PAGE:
Secular devotional books

Back in my evangelical youth group days, we were encouraged to “do devotions,” which consisted in reading short meditations paired with biblical passages. This paradigm has stuck with me. When I was studying German, for instance, I used Benjamin’s “Theses on the Philosophy of History” as my reading text for a while, and I referred to my method — reading over one “thesis” per day and going through it several times until I didn’t have to look up words and could get the sensation of “just reading” — as a “devotional” method.

It seems to me that there are some boks that one might call secular or philosophical “devotional books.” Some that leap to mind are Adorno’s Minima Moralia and Agamben’s Coming Community or Idea of Prose. Can we think of any others? (Perhaps some of Nietzsche’s more aphoristic works, for instance.)

22 thoughts on “Secular devotional books

  1. Twice daily I used to read “Morning and Evening”, a collection of Chuck Spurgeon devotions. In terms of treating a book as devotional post-sanity, Spinoza’s Ethics.

  2. You seem to be thinking strictly of philosophy, here, but lots and lots of poetry is read as a secular devotionals. Some poets, this happens to such an extent it’s almost hard to imagine their work being in print if it weren’t read that way (e.g. Mary Oliver).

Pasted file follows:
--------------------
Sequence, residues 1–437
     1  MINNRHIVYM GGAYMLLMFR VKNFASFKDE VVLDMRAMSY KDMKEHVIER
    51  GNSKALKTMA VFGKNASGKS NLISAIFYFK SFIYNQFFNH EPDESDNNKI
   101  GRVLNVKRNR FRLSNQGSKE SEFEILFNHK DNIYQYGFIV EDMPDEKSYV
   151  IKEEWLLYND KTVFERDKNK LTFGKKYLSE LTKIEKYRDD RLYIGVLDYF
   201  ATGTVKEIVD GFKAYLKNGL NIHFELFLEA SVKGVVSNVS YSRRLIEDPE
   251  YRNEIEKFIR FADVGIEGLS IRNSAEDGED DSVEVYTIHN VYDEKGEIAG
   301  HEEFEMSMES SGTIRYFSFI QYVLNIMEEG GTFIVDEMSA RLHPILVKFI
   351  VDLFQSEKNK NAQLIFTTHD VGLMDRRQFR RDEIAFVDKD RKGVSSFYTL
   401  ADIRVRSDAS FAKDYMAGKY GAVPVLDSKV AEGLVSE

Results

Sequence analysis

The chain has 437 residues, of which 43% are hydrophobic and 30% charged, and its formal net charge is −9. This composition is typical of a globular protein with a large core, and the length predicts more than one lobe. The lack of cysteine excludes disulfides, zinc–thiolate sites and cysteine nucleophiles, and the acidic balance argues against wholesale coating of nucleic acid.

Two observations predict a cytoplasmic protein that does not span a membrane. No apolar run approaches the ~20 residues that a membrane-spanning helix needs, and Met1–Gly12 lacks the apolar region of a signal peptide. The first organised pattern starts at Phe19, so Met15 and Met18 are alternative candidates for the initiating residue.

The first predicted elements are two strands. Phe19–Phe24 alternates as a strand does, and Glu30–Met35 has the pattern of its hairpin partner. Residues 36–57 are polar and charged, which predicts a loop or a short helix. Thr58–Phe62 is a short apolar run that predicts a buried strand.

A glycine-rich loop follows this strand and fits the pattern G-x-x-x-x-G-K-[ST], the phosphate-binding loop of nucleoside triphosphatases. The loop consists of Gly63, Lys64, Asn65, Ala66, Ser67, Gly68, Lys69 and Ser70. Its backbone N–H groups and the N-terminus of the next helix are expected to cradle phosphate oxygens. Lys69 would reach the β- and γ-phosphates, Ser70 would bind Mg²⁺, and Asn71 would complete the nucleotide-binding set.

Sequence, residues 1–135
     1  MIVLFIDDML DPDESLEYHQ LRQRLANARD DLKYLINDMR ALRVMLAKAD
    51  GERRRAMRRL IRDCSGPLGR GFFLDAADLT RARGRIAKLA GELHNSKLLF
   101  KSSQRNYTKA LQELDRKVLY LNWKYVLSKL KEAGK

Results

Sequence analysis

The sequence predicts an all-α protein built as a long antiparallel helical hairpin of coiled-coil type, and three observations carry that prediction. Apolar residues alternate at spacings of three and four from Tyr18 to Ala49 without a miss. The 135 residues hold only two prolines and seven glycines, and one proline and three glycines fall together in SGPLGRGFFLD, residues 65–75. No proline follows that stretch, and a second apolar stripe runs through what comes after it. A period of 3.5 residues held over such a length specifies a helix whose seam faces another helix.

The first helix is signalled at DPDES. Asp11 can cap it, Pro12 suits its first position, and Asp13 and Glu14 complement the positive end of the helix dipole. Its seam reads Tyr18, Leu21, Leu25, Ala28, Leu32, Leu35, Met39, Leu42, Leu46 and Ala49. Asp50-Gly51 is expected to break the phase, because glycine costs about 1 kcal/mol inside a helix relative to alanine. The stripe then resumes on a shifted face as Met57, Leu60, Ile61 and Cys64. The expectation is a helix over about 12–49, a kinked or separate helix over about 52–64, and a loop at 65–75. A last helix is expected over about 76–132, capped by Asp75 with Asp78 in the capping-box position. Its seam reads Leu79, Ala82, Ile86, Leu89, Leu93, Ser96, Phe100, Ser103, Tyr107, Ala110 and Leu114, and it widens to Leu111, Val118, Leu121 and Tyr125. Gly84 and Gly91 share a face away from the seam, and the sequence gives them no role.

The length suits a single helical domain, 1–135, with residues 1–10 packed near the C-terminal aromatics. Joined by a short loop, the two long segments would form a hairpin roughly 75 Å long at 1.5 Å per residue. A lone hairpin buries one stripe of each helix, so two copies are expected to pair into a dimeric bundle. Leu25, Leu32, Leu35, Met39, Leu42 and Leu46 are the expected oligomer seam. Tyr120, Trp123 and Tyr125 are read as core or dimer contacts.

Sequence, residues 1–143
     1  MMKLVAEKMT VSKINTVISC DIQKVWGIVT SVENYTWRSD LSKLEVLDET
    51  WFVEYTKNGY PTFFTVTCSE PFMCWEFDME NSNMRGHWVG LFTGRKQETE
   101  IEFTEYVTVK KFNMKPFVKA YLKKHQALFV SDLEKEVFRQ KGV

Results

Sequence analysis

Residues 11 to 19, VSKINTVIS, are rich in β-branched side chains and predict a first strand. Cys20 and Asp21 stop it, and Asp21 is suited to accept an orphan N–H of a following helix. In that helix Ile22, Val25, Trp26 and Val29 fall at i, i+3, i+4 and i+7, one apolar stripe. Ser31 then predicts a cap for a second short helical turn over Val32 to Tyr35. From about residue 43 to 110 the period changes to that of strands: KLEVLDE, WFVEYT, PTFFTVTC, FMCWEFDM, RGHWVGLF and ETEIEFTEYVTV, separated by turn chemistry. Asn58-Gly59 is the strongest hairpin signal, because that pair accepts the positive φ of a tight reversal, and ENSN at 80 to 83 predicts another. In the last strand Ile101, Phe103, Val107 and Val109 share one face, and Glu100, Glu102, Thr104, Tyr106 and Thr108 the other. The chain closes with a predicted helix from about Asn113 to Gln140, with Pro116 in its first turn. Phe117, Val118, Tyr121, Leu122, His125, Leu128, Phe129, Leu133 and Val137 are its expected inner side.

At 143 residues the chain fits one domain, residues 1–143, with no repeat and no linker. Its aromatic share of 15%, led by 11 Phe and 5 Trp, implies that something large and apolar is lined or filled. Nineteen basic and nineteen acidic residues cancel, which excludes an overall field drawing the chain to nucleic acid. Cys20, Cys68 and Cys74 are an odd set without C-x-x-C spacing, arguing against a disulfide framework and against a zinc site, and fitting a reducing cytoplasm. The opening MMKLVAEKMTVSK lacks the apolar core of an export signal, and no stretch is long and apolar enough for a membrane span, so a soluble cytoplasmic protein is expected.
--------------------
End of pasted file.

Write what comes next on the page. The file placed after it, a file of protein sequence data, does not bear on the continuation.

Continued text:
3. I have used both Nietzsche’s Zarathustra and Kahlil Gibran’s The Propet this way. Those readings eventually informed my wedding vows, along with The Satanic Bible. (Does the Satanic Bible count as secular? Discuss.)

  4. I am going to steal your Benjamin idea when I work on learning German next summer. I was actually emailing Dan a few days ago and used the term scripture to describe Minima Moralia.

    Poetry fits well–an obvious one that comes to mind is Rilke.

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